The dean greeted us with: "Good afternoon and welcome to Blackburn Cathedral for our special service of installation of canons." The crucifer, followed by two taperers, led a huge procession of immaculately vested clergy whilst we sang a processional hymn. The opening words of the service were spoken by the bishop, who said: "The grace of our Lord Jesus Christ, and the love of God, and the fellowship of the Holy Spirit, be with you all."
What books did the congregation use during the service?
We were given a specially prepared programme that had everything in it.
What musical instruments were played?
A magnificent organ was the only instrument used. Anything else would have been inappropriate. Blackburn's organ, by the JW Walker & Sons firm of Brandon, Suffolk, was installed in 1969 and restored and enlarged in 2001-2002. The cathedral is rightly proud of its six choirs, all drawn from the local community: boys', girls', men's, children's, young people's choirs, and the Renaissance Singers, who broadcast regularly on the BBC.
Did anything distract you?
From my viewpoint in the nave, I found it a bit disconcerting to observe a few clergy who seemed to be wandering around behind the rood screen, which was behind the altar and only partially obscured the chapels behind it. What really distracted me, however, I am saving for later.
Was the worship stiff-upper-lip, happy clappy, or what?
The worship was dignified middle-of-the-road Anglicanism. It was certainly not happy clappy, but at the other end there wasn't a whiff of incense or a tinkling of bells. Modern language was used in the collation, followed by traditional language for the beautiful service of choral evensong.
Exactly how long was the sermon?
On a scale of 1-10, how good was the preacher?
6 – Canon Hindley used notes; indeed, one of his opening comments was that he had just been panicking because he thought he had lost them! I found he spoke too rapidly for me and at times I lost the thread of what he was saying.
In a nutshell, what was the sermon about?
He took each of the candidates in turn and told us what was so special about each. He said we should honour these very different characters who had all shown fidelity, dedication and a deep care for others. He spoke of how they could contribute their expertise to help in the cathedral's desire to bring diverse communities together and care for the poor and needy. They were now members of the college of canons, which is a living part of the cathedral. The cathedral has seen generations of prayer. It must be a centre of excellence and a focal point for all. He concluded by saying that the key to our worship is thanksgiving.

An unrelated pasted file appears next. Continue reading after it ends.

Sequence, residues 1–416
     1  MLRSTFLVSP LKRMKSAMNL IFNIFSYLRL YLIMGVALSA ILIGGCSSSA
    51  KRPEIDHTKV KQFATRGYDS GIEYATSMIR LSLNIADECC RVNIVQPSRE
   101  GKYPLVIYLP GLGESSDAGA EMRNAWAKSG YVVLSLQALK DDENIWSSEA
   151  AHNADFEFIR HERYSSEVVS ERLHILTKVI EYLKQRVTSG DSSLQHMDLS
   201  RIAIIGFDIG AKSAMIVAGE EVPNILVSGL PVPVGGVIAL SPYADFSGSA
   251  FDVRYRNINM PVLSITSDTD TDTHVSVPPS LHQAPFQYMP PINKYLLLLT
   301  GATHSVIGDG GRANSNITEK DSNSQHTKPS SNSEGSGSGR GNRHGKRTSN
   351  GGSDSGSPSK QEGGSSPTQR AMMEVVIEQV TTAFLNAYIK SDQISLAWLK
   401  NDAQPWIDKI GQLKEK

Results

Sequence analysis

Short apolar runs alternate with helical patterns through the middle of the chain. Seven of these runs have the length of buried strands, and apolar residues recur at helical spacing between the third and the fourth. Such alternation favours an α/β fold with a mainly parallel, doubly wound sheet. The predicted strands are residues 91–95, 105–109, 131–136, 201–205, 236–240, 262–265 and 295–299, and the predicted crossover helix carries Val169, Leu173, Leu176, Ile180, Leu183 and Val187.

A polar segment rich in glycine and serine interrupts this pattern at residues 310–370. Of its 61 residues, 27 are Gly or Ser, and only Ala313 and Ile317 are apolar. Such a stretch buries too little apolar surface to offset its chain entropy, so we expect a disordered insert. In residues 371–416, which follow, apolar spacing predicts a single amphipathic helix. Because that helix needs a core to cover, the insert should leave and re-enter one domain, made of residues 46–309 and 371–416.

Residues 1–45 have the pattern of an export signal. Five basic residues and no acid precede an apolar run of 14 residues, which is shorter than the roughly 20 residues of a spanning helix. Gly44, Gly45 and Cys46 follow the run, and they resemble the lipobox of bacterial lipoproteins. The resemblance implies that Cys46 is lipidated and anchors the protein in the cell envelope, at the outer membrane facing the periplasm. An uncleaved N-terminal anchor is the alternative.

Which part of the service was like being in heaven?
The choral evensong was heavenly. The chanting sent shivers down my spine, and the choir's singing of Psalm 132, the Magnificat, the Nunc dimittis and Sir Hubert Parry's anthem I was glad was sublime.
And which part was like being in... er... the other place?
Well, I wasn't just distracted; I was horrified and stunned at the appalling microphone system. When the bishop started the collation part of the service, all we could hear was crackle, crackle crackle... I thought to myself, "Is this the 21st century? Hasn't anyone checked beforehand that everything is working properly?" It was unbelievably awful. But in true British fashion, everyone carried on as though nothing was amiss. I don't know whether it was the bishop's microphone or one placed at a particular spot that was faulty, but I am afraid we in the congregation could only feel dismay at what was happening in front of us. Luckily, we were able to hear most of the rest of the service perfectly well. But a moment came toward the end when the new canons were presented to the dean. They recited their piece but the microphone gave up the ghost completely, so we could only hear them very faintly.
What happened when you hung around after the service looking lost?
There was a mass exodus so no chance of that.
How would you describe the after-service coffee?
An announcement was made that refreshments would be served in the crypt, but we had a bus to catch.
How would you feel about making another visit (where 10 = ecstatic, 0 = terminal)?
5 – I would have to attend a normal Sunday holy communion service to make a better judgment.
Did the service make you feel glad to be a Christian?
Definitely. Everything in the service, from the promises made by the new canons to the beautiful choral evensong, made me glad to be there.
What one thing will you remember about all this in seven days' time ?
I am trying to forget those microphones! The one thing I am sure to remember is the divine singing of the choir.